Depression in older adults - solutions to a common disorder
One in four older people has depression which requires treatment1,2 with a prevalence of between 3 and 15 per cent in the community and even higher in the inpatient and care home population.
Depression is the leading cause of suicide in older adults, with high risk of completed suicide, especially with men living alone being at particular risk3.
Physical illness is associated with higher risk of depression and is three times as common in people with end-stage renal failure, chronic obstructive pulmonary disease and cardiovascular disease than in people who are in good physical health4.
It is important to treat depression as it is associated with increased mortality and risk of physical illness and can lead to an increase in length of hospital duration in those inpatients with untreated depression. A diagnosis of depression in those over 65 increased subsequent mortality by 70 per cent5.
In acute general hospitals, diagnosing depression is made more difficult due to various factors including effects of hospitalisation, duration of admission, coexisting physical illnesses and concurrent multiple medications. An increased length of stay can cause isolation as well as institutionalisation in older adults and can further complicate the picture.
Assessment and diagnosis
In older adults the diagnosis of depression can be missed due to ageism, delirium, or stigma associated with mental illness or the presence of cognitive impairment.
The clinical features of depression in the older people can include disturbances in sleep and appetite, low energy levels, tearfulness, anxiety and somatisation as well cognitive impairment. The degree of cognitive impairment can be severe enough to be mistaken for the start of dementia. Other causes of depression need to be considered as well (Box 1 and 2)4.
Box 1: Medications that may cause depression
Box 2: Physical disorders that may cause depression
Endocrine/metabolic eg Hypothyroidism,cushing’ syndrome,hypercalcaemia
Organic Brain disease eg Stroke,SLE,Parkinson’s disease
Occult carcinoma eg Pancreas
Chronic Infections eg Brucellosis,Herpes zoster
The management of depression in older adults includes both medication and psychological therapies – both have good evidence of effectiveness.
Antidepressants are effective with moderate to severe depression. NICE guidelines (the recommendations of which are along the same lines of prescribing as for younger adults) suggest that first line treatment should be with an SSRI (selective serotonin reuptake inhibitor). Several other antidepressants and mood stabilisers are available, such as SSRIs (Sertraline), SNRI (Venlafaxine), Mirtazapine, Tricyclic antidepressants and MAO Inhibitors.
The choice of antidepressant is guided by the patient’s previous experience of an antidepressant, and by co-morbidities and side effects. Antidepressants should be tried for at least four weeks. However in older adults it may be helpful to persist at an age appropriate dose for a minimum six weeks before adjudging the drug to be ineffective. If there is partial response, it may be sensible to persist another six weeks. Careful monitoring of side effects such as insomnia, agitation, headache, sexual dysfunction, gastrointestinal disorders (including GI bleeding) and hyponatraemia is essential. It is important to remember potential drug interactions. People with dementia may experience depression, which may be difficult to diagnose but needs treatment to improve quality of life.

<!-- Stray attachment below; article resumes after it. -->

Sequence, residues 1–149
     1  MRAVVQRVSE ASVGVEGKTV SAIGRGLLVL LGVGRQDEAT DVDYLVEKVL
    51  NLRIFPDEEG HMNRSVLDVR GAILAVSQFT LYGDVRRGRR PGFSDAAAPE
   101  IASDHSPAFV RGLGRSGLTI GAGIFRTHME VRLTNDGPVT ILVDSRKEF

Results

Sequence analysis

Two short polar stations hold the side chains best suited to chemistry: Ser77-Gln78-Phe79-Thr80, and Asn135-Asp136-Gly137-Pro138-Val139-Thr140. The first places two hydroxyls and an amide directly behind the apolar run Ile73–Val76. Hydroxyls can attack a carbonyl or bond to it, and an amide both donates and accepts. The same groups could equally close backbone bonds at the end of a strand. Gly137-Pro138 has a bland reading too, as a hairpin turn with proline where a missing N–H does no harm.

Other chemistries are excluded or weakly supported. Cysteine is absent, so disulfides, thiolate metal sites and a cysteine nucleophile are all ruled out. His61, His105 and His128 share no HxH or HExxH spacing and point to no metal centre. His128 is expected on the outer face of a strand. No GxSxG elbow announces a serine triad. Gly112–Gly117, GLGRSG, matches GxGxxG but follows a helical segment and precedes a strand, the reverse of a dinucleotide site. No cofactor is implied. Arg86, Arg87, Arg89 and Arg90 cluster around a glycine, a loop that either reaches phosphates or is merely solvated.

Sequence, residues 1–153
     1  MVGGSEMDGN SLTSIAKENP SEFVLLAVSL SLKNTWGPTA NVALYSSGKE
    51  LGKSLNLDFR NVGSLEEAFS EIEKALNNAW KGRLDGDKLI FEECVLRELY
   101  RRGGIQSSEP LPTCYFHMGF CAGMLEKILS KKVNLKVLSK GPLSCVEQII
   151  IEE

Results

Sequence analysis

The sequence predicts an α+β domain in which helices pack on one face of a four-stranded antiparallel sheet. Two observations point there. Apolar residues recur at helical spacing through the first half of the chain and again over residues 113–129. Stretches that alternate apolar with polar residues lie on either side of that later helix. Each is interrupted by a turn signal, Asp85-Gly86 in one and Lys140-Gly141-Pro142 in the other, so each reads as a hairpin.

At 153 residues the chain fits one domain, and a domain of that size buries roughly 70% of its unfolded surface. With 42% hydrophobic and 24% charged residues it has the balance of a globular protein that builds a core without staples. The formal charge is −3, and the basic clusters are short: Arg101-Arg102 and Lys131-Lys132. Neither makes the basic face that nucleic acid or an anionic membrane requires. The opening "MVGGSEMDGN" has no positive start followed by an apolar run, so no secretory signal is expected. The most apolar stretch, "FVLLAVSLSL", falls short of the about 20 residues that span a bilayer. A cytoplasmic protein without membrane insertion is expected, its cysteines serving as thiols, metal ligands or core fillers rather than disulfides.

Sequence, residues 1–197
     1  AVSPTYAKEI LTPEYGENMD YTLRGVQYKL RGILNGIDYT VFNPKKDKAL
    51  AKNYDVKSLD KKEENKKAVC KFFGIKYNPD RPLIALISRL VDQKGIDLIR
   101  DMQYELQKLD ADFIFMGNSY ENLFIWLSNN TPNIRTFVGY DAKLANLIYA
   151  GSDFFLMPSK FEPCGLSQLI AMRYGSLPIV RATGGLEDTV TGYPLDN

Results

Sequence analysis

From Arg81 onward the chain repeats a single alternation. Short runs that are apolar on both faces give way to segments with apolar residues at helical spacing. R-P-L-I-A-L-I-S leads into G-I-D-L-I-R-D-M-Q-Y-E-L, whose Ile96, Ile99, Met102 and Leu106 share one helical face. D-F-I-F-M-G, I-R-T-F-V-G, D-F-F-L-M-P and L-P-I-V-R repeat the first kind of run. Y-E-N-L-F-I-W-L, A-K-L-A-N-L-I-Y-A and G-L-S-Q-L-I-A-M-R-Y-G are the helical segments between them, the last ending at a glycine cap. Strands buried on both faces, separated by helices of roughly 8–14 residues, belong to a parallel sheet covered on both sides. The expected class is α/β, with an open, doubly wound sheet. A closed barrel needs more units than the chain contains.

Antidepressants should be continued for at least six months. Response to Antidepressants is about 40-60 per cent and long term treatment (at least 2 years) for relapse prevention should be considered in people who have had recurrent depression.
For severe depression, with or without psychotic symptoms, where response to treatments is poor, electroconvulsive therapy is considered as an effective treatment.
It is important to remember that suboptimal doses of anti-depressants used for an inadequate time period could cause limited response. There is a need for integrated approaches in terms of pharmacological, social and psychological aspects. Patient education is important, especially in terms of highlighting the importance of diet, exercise and treatment of physical illness. In older adults close working with family and giving hope is important too.
Depression occurs in 40 per cent of people living in care homes7 and often goes undetected. There is evidence to show that training care home staff to recognise possible symptoms of depression can improve detection. Using a collaborative care approach to manage depression is often effective in improving outcomes.
Referral to Old Age Psychiatry should be considered if there is diagnostic difficulty, high risk of suicide or self harm, little or no response to antidepressants and self neglect.8
Psychological therapy is the other option for management. A range of different therapies are available such as Supportive psychotherapy, CBT (Cognitive Behaviour therapy), Interpersonal therapy, Marital therapy and Psychodynamic psychotherapy. NICE favours use of CBT (Cognitive Behaviour therapy) and Interpersonal therapy. There is good evidence for the effectiveness of a number of psychosocial interventions such as Cognitive Behavioural Therapy (CBT), Behavioural Activation and Problem Solving Treatments. More research is needed in this area however psychological therapies are valued by patients and can be preferred to use of medication.
Depression is common in Older Adults and if left untreated could increase mortality, morbidity and disrupt quality of life. Mental health promotion to improve wellbeing and prevent social isolation is also important to prevent depression in older adults.
Sharmi Bhattacharyya, Consultant Psychiatrist, Wrexham, BCUHB, Honorary Senior Lecturer, University of Chester
Anitha Howard, Consultant Psychiatrist, Bensham Hospital, Gateshead